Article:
FIG. 14 is another exemplary timing diagram illustrating the operation of a waveform generator of FIG. 8. FIG. 14 depicts the voltage level over time on a plurality of common lines. In particular, waveforms 1405, 1410, 1415, 1420, 1425, and 1430, represent the voltage levels on common lines one, two, three, four, five, and six respectively. The common lines of FIG. 14 are similar to the common lines 901 of FIG. 9. For example, common line one is similar to common line 902 of FIG. 9. Common line two is similar to common line 904. Common line three is similar to common line 906 an so on. As shown, the waveforms indicate a progression through a series of voltage levels corresponding to the voltage levels described above with respect to FIG. 5 b. As illustrated in FIG. 9, the number of common lines may exceed the number of drive lines. For example, in FIG. 9, a set of four drive lines 960 are provided for a larger set of common lines 901. In one embodiment, the drive lines are shared by the common lines as described herein. At a time T1, common line one is coupled to a first drive line. With respect to FIG. 9, this may represent the switch 963 activating to couple the drive line 962 to the common line 902. As shown in waveform segment 1447, the voltage on common line one begins to progress through the voltage pattern described above with respect to FIG. 5 b. At time T2, common line two is coupled to a second drive line. With respect to FIG. 9, this may represent the switch 965 activating to couple the drive line 964 to the common line 904. As shown in waveform segment 1449, the voltage on common line two begins to progress through the pattern described above. At various times, according to a timing scheme, common lines three and four are similarly coupled to respective third and fourth drive lines and their waveforms similarly begin to progress through the described pattern as shown in waveform segments 1451 and 1453 respectively. At a time T3 the voltage pattern is completed for common line one. Common line one is decoupled from the first drive line and coupled to a hold voltage supply line. The voltage on common line one remains steady as shown in waveform segment 1455. Thus, the first drive line is free to be reused. Accordingly, at time T3 common line five is coupled to the first drive line. With respect to FIG. 9, this may represent that switch 963 uncouple drive line 962 from common line 902 and that switch 933 couples common line 902 to positive hold voltage supply line 932. Switch 970 may the couple drive line 962 to common line 909. Similarly, at time T4, common line two has completed the waveform pattern and is coupled to a hold voltage supply line. Thus, the second drive line is reused to drive common line six. This pattern may repeat in the cascading manner illustrated in FIG. 14 and FIG. 9. Advantageously, in this manner, a relatively large number of common lines may be driven using only a small number of drive lines. Thus, the size and complexity of the circuitry responsible for generating the voltage pattern described above may be concentrated in a small number of drive lines while the circuitry of the large number of common lines may be reduced enormously. The result is a circuit with an overall smaller space requirement.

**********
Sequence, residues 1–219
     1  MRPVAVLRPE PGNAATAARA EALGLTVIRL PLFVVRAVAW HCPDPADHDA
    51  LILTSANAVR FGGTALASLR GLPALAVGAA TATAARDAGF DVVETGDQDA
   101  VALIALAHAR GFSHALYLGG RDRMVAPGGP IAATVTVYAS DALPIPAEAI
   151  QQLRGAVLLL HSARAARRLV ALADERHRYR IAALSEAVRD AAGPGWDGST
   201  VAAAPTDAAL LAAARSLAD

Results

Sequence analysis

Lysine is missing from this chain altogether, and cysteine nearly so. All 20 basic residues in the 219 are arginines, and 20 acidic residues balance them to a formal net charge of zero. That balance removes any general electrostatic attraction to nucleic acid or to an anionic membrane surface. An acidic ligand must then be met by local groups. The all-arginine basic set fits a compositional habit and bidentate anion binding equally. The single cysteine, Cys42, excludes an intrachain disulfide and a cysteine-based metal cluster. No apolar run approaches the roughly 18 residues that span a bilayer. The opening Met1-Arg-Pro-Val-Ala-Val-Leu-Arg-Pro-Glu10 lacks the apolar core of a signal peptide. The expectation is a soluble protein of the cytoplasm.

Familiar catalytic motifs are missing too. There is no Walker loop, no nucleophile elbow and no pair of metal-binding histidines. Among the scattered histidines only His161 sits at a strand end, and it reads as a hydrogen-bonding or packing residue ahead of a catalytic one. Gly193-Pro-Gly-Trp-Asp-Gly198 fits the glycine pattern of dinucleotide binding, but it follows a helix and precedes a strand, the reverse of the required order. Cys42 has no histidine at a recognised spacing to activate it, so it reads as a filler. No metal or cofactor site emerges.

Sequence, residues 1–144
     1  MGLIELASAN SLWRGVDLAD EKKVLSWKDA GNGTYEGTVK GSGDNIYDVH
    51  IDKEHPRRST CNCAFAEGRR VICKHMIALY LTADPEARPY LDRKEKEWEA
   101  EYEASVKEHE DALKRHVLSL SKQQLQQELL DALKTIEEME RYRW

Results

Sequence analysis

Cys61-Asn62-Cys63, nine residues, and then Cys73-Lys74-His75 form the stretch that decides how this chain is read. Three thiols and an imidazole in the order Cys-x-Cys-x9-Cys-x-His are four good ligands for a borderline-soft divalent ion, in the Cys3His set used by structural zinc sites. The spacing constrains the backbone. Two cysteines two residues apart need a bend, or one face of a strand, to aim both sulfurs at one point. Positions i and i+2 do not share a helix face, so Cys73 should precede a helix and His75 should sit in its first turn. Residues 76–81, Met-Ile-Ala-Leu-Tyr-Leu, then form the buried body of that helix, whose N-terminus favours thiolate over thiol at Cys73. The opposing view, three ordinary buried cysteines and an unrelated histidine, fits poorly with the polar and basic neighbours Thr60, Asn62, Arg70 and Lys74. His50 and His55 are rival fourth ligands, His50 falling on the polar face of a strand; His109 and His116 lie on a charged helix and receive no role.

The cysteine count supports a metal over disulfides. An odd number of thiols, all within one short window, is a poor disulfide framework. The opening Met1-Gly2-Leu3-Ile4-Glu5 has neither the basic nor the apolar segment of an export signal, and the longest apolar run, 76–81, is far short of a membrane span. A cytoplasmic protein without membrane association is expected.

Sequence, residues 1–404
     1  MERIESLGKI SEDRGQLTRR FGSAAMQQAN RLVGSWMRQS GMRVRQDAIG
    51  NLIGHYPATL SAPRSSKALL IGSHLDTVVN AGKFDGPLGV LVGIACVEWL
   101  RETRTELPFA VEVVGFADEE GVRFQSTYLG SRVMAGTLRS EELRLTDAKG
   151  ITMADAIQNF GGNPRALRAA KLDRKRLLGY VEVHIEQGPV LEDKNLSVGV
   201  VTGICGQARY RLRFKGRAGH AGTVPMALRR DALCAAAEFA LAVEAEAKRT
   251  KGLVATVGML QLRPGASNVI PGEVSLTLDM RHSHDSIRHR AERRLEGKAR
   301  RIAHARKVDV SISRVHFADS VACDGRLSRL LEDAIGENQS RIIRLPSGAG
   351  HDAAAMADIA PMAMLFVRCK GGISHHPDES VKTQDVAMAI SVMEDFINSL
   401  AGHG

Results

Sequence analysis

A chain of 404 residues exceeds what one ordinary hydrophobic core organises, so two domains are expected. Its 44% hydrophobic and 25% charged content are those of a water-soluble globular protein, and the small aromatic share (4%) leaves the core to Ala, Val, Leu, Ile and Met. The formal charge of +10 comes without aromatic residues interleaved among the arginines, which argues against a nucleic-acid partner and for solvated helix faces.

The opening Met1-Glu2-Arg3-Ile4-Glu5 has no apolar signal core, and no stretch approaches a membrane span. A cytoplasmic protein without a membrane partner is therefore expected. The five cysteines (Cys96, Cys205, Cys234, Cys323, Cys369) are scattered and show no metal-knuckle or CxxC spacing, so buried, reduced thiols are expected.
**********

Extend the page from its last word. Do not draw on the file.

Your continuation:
FIG. 15 is a block diagram illustrating another embodiment of a portion of a switch array of FIG. 8. In particular, FIG. 15 describes an alternative to the switch array illustrated and described with respect to FIG. 10. As described above, the voltage wave from used to drive the common lines may comprise a plurality of voltage levels. In one embodiment, five voltage levels for any particular common line may be used: positive address, positive hold, ground, negative hold and negative address. The switch array of FIG. 10 illustrates that each drive line may be provided with switches for coupling each voltage level for each color. However, in another embodiment, only a subset of those switches and supply lines are provided. In particular, as illustrated in FIG. 15, all of the hold voltages may be omitted from illustrated switch array without compromising functionality described herein. As the hold voltages are already supplied at the common lines as described above, the hold voltages need not be supplied again to the drive lines. The corresponding changes to the control of the remaining voltage supply lines and switches are described herein with reference to FIGS. 15-17. FIG. 15 illustrates a number of voltage supply lines 1530. The voltage supply lines 1530 are similar to the voltage supply lines 804 of FIG. 8. The illustrated voltage supply lines 1530 include red positive address line 1505, red negative address line 1509, and ground line 1521. FIG. 15 also depicts a plurality of drive lines 1530 including drive line 1533. The drive lines 1530 are similar to the drive lines 802 of FIG. 8 and 960 of FIG. 9. FIG. 15 also illustrates a plurality of selective coupling switches including switches 1550, 1555, and 1070. In one embodiment, switches are provided for coupling each of the drive lines 1530, such as drive line 1533, to each of the voltage supply lines 1530. As described in greater detail below, by selective manipulation of the switches, each of the drive lines 1530 can be driven to certain of the voltage levels used to drive the common lines of the IMOD array. In particular, the switches can be manipulated to generate portions of the common line voltage waveforms described above with respect to FIG. 5B.